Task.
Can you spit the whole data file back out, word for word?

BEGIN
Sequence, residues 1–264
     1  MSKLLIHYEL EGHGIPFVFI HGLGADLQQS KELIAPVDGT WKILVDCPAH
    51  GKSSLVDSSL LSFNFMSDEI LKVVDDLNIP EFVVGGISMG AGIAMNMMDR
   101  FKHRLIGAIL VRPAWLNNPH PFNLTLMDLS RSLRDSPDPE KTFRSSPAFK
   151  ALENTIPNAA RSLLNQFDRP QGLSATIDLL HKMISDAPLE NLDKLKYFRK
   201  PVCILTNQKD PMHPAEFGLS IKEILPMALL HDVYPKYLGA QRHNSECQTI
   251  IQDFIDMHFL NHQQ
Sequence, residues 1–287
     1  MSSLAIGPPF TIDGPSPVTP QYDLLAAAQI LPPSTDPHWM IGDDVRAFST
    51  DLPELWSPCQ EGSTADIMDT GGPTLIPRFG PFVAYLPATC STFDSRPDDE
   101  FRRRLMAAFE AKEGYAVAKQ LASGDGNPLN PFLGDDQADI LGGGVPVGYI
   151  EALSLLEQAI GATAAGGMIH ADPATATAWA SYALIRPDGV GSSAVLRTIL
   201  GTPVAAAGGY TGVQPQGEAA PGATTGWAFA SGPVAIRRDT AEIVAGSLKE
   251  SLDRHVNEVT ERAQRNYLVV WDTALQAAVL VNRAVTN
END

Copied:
Sequence, residues 1–264
     1  MSKLLIHYEL EGHGIPFVFI HGLGADLQQS KELIAPVDGT WKILVDCPAH
    51  GKSSLVDSSL LSFNFMSDEI LKVVDDLNIP EFVVGGISMG AGIAMNMMDR
   101  FKHRLIGAIL VRPAWLNNPH PFNLTLMDLS RSLRDSPDPE KTFRSSPAFK
   151  ALENTIPNAA RSLLNQFDRP QGLSATIDLL HKMISDAPLE NLDKLKYFRK
   201  PVCILTNQKD PMHPAEFGLS IKEILPMALL HDVYPKYLGA QRHNSECQTI
   251  IQDFIDMHFL NHQQ
Sequence, residues 1–287
     1  MSSLAIGPPF TIDGPSPVTP QYDLLAAAQI LPPSTDPHWM IGDDVRAFST
    51  DLPELWSPCQ EGSTADIMDT GGPTLIPRFG PFVAYLPATC STFDSRPDDE
   101  FRRRLMAAFE AKEGYAVAKQ LASGDGNPLN PFLGDDQADI LGGGVPVGYI
   151  EALSLLEQAI GATAAGGMIH ADPATATAWA SYALIRPDGV GSSAVLRTIL
   201  GTPVAAAGGY TGVQPQGEAA PGATTGWAFA SGPVAIRRDT AEIVAGSLKE
   251  SLDRHVNEVT ERAQRNYLVV WDTALQAAVL VNRAVTN